Water is in the atmosphere, on the land, in the ocean, and underground. It moves from place to place through the water cycle. As it moves through the water cycle, water often changes from a liquid, to a solid (ice), to a gas (water vapor). Water in oceans and lakes is typically liquid; but it is solid ice in glaciers, and often water vapor in the atmosphere.
Temperature and pressure determine the phase of water (solid, liquid, or gas).
Water is essential for life on Earth. It is recycled through the water or hydrologic cycle, which involves the following processes:
- Evaporation, the changing of water from a liquid to a gas
- Condensation, the changing of water from a gas to a liquid
- Sublimation, the changing of water from a solid to a gas
- Precipitation, the process by which water molecules condense to form drops heavy enough to fall to the Earth's surface
- Transpiration, the process by which moisture is carried through plants from roots to leaves, where it changes to vapor and is released to the atmosphere
- Surface runoff, the flowing of water over the land from higher to lower ground
- Infiltration, the process of water filling the porous spaces of soil
- Percolation, groundwater moving in the saturated zone below the surface of the land
Water at the surface of the ocean, rivers, and lakes can become water vapor and move into the atmosphere with a little added energy from the Sun through a process called evaporation. Snow and ice can also become water vapor through a process called sublimation. Water vapor gets into the atmosphere from plants by a process called transpiration.
Because air is cooler at higher altitude in the troposphere, water vapor cools as it rises high in the atmosphere and transforms into water droplets by a process called condensation. The water droplets that form make up clouds. If the temperature is cold enough, ice crystals form instead of liquid water droplets. If they grow large enough the droplets or ice crystals eventually become too heavy to stay in the air, falling to the ground as rain, snow, and other types of precipitation.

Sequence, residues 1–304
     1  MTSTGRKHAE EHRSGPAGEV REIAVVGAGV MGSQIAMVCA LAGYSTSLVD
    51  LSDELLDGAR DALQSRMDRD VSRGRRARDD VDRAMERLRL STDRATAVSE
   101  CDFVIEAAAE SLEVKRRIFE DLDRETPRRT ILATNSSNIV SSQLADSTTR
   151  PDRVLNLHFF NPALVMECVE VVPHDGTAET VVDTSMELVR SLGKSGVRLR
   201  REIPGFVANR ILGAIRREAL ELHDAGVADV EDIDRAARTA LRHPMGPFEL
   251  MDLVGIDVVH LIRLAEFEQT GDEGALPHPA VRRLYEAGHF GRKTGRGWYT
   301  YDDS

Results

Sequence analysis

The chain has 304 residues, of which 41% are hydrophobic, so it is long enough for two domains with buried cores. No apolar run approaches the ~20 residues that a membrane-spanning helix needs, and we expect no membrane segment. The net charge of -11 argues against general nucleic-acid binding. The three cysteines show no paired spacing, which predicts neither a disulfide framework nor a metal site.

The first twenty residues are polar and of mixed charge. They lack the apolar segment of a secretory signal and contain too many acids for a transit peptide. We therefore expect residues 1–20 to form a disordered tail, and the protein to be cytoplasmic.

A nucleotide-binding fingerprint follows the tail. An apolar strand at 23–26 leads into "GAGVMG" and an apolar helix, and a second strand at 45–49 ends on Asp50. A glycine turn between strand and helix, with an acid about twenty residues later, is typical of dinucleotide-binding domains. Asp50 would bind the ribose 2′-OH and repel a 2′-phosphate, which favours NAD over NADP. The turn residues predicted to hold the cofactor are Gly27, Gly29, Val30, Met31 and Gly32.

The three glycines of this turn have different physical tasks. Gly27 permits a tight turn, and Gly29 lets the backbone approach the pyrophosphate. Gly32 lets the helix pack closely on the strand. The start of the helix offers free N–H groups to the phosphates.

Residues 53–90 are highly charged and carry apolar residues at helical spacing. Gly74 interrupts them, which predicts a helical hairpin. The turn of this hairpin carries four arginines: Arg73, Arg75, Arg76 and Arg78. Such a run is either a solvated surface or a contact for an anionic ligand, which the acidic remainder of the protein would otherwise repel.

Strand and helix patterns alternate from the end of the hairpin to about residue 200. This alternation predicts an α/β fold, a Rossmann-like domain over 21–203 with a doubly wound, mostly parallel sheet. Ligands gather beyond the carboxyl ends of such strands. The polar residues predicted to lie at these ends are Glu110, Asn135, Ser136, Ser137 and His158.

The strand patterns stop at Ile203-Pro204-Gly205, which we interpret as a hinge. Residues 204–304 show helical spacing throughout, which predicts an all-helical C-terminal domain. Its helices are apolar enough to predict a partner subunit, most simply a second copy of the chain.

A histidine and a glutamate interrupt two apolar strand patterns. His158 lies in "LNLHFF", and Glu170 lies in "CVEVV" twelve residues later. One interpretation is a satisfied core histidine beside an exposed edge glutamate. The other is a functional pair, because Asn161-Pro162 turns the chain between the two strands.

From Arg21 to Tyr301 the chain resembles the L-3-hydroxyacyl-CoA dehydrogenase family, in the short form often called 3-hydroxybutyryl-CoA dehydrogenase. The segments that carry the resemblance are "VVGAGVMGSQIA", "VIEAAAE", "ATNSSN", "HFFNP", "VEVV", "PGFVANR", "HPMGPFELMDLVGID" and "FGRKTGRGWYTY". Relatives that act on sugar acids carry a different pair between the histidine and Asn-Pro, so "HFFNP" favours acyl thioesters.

Through these processes, the amount of water on Earth remains nearly constant and is continually recycled through time. Water molecules may remain in one form for a very long period of time (for example, water molecules can be locked in Antarctic ice for thousands of years) and in other forms for very short times (for example, water molecules in desert rainstorms spend mere minutes as surface water before evaporating into vapor again).
Several people have asked me for the full essay for this question, so here it is!
The diagram below shows the water cycle, which is the continuous movement of water on, above and below the surface of the Earth.
The picture illustrates the way in which water passes from ocean to air to land during the natural process known as the water cycle.
Three main stages are shown on the diagram. Ocean water evaporates, falls as rain, and eventually runs back into the oceans again.
Beginning at the evaporation stage, we can see that 80% of water vapour in the air comes from the oceans. Heat from the sun causes water to evaporate, and water vapour condenses to form clouds. At the second stage, labelled ‘precipitation’ on the diagram, water falls as rain or snow.
At the third stage in the cycle, rainwater may take various paths. Some of it may fall into lakes or return to the oceans via ‘surface runoff’. Otherwise, rainwater may filter through the ground, reaching the impervious layer of the earth. Salt water intrusion is shown to take place just before groundwater passes into the oceans to complete the cycle.
(156 words, band 9)